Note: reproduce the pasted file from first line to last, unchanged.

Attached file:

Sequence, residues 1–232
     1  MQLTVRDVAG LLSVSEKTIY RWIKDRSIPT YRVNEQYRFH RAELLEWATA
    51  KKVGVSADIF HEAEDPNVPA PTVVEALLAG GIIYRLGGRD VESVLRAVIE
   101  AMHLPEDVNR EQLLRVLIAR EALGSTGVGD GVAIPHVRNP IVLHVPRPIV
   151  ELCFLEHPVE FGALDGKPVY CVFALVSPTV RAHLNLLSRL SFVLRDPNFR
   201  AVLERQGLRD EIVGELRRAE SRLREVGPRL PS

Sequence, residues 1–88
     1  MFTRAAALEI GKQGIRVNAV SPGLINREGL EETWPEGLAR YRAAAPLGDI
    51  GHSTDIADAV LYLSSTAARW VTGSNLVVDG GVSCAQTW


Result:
Sequence, residues 1–232
     1  MQLTVRDVAG LLSVSEKTIY RWIKDRSIPT YRVNEQYRFH RAELLEWATA
    51  KKVGVSADIF HEAEDPNVPA PTVVEALLAG GIIYRLGGRD VESVLRAVIE
   101  AMHLPEDVNR EQLLRVLIAR EALGSTGVGD GVAIPHVRNP IVLHVPRPIV
   151  ELCFLEHPVE FGALDGKPVY CVFALVSPTV RAHLNLLSRL SFVLRDPNFR
   201  AVLERQGLRD EIVGELRRAE SRLREVGPRL PS

Sequence, residues 1–88
     1  MFTRAAALEI GKQGIRVNAV SPGLINREGL EETWPEGLAR YRAAAPLGDI
    51  GHSTDIADAV LYLSSTAARW VTGSNLVVDG GVSCAQTW